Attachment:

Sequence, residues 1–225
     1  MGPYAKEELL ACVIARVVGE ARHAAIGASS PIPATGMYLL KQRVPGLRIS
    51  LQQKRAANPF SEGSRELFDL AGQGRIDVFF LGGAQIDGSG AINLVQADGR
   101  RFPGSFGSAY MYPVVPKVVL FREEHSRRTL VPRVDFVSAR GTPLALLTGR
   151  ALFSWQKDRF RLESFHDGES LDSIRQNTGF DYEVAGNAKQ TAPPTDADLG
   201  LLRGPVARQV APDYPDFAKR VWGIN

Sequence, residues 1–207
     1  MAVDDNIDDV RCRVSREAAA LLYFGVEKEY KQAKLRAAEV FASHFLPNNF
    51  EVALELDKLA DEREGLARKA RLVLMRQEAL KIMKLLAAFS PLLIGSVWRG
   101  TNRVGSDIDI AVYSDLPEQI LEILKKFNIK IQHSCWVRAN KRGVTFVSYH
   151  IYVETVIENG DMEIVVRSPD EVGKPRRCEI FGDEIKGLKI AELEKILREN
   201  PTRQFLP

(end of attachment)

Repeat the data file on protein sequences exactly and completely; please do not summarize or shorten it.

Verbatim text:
Sequence, residues 1–225
     1  MGPYAKEELL ACVIARVVGE ARHAAIGASS PIPATGMYLL KQRVPGLRIS
    51  LQQKRAANPF SEGSRELFDL AGQGRIDVFF LGGAQIDGSG AINLVQADGR
   101  RFPGSFGSAY MYPVVPKVVL FREEHSRRTL VPRVDFVSAR GTPLALLTGR
   151  ALFSWQKDRF RLESFHDGES LDSIRQNTGF DYEVAGNAKQ TAPPTDADLG
   201  LLRGPVARQV APDYPDFAKR VWGIN

Sequence, residues 1–207
     1  MAVDDNIDDV RCRVSREAAA LLYFGVEKEY KQAKLRAAEV FASHFLPNNF
    51  EVALELDKLA DEREGLARKA RLVLMRQEAL KIMKLLAAFS PLLIGSVWRG
   101  TNRVGSDIDI AVYSDLPEQI LEILKKFNIK IQHSCWVRAN KRGVTFVSYH
   151  IYVETVIENG DMEIVVRSPD EVGKPRRCEI FGDEIKGLKI AELEKILREN
   201  PTRQFLP